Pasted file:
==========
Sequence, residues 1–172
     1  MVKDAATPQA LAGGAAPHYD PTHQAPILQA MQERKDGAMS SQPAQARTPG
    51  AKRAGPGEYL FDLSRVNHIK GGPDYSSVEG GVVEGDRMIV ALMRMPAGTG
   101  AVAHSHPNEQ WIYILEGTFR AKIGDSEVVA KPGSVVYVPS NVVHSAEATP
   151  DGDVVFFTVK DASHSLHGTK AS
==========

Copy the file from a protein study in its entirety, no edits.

Sequence, residues 1–172
     1  MVKDAATPQA LAGGAAPHYD PTHQAPILQA MQERKDGAMS SQPAQARTPG
    51  AKRAGPGEYL FDLSRVNHIK GGPDYSSVEG GVVEGDRMIV ALMRMPAGTG
   101  AVAHSHPNEQ WIYILEGTFR AKIGDSEVVA KPGSVVYVPS NVVHSAEATP
   151  DGDVVFFTVK DASHSLHGTK AS